Bike taxis fear hits Westmoreland school ...Teacher wants bus for her students

September 08, 2016
File Students of Broughton Primary School which is situated in Little London, Westmoreland.
In this 2005 file photo, these three students travel comfortably on a bike taxi in Little London, Westmoreland.

A Little London resident riding on a bike taxi is not an unusual sight given that the small Western Westmoreland community is regarded as the bike capital of Jamaica.

But for the students of the Broughton Primary, the ride can be dangerous as the motorcycle carries up to six children leading to several accidents.

Principal Marva Davis-Clarke told THE STAR that the accidents have become so frequent that the school decided to enter the Toyota Jamaica Bus Di School competition for yet another year.

"The need for the bus is really great as the bike taxi is not a choice, but is the only option for these children. We've had so many accidents, it's not even funny. It's so bad that we have to buy gloves and a first-aid kit to take care of them. A child even suffered brain damage when she fell from the bike on her way to school," Davis-Clarke said.


low attendance


She said too that there has been low attendance as children fear the bikes, and, for this reason, parents do not see Broughton Primary as the first choice for their children.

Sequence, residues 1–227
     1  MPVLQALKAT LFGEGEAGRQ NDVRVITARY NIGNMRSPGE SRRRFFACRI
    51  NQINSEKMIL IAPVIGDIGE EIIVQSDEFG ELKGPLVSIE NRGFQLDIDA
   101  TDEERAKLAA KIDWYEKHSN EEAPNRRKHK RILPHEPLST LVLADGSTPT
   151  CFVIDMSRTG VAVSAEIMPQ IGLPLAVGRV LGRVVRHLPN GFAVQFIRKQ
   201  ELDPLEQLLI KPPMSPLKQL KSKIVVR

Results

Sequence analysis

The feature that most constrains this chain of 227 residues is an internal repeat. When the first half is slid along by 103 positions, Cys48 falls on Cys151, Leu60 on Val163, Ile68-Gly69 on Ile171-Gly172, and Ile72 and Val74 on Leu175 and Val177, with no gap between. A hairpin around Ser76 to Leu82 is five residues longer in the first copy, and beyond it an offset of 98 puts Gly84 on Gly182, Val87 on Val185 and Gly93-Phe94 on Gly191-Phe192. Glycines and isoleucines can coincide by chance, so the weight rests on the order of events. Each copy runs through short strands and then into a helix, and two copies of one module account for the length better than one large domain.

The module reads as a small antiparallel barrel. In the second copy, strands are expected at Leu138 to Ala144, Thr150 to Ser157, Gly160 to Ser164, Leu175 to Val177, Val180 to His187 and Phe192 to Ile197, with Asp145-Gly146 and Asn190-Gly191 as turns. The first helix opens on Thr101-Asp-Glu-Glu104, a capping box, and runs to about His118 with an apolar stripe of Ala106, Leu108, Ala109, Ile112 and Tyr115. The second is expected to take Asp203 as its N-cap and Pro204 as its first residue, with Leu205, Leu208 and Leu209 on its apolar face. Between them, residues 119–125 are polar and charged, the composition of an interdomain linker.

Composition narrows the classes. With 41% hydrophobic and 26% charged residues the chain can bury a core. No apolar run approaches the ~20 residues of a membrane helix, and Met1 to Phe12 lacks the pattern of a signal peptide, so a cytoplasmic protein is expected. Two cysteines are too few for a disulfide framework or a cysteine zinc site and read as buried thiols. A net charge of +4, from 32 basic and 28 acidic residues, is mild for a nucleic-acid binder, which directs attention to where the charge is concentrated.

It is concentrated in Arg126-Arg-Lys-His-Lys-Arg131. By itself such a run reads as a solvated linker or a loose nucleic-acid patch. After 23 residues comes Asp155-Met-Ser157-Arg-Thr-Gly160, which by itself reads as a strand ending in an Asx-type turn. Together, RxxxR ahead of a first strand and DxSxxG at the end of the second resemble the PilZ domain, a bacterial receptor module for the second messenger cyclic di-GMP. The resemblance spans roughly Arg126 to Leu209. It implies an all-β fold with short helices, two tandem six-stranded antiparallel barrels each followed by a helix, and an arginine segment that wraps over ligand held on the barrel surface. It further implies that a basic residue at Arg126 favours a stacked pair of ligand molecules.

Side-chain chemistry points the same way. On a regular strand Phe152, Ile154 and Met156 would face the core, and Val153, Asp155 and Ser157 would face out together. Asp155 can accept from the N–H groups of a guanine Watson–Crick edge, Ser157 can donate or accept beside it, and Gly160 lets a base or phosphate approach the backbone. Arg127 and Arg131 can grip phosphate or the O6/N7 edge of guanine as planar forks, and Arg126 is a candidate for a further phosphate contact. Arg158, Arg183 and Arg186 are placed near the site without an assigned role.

"Children don't want to come to the school because of fear as they know how often the accidents occur. We need the bus to eliminate this fear to have our children settled and performing at their utmost, as that is our ultimate goal," Davis-Clarke said.

A policeman stationed at the Little London Police Station told THE STAR yesterday that residents use bike taxis frequently because it's more feasible for the unpaved back roads in areas such as Broughton, Retrieve, and Old Hope.

"We try to give the bike taxi men a 'bly' because they are the only ones willing to take the children home, deep on the back roads. Sometimes, they carry three, four children, and we have to rush them up and warn them, but we have to be fair cause we know how the thing go," the cop said.

"They are like an unruly child that you beat and beat and then when you're finished they do the same thing again. If we lock them up they are going to come out and do the same thing, and then the children will have nobody to take them so everybody end up lose," he said.


several competitions


Meanwhile, the principal told THE STAR that the school needs a bus to grow beyond academics, and the lack of transportation prevents the school from entering several competitions.

"This year, we are the national cricket champions and it cost us so much money for transportation to go across the island. We are very good in baseball and football, but the competitions were running simultaneously and with the lack of transportation, we had to choose cricket, which we won. We're serious about winning as it drives the success of the school, so we need the bus to participate more. This little bush school has talent," she said.

Last year, the school boasted the parish's top Grade Six Achievement Test (GSAT) male performer. This year it has both the male and female Spelling Bee parish champions, national cricket champion, and placed second in a local quiz competition held in Negril in the parish.

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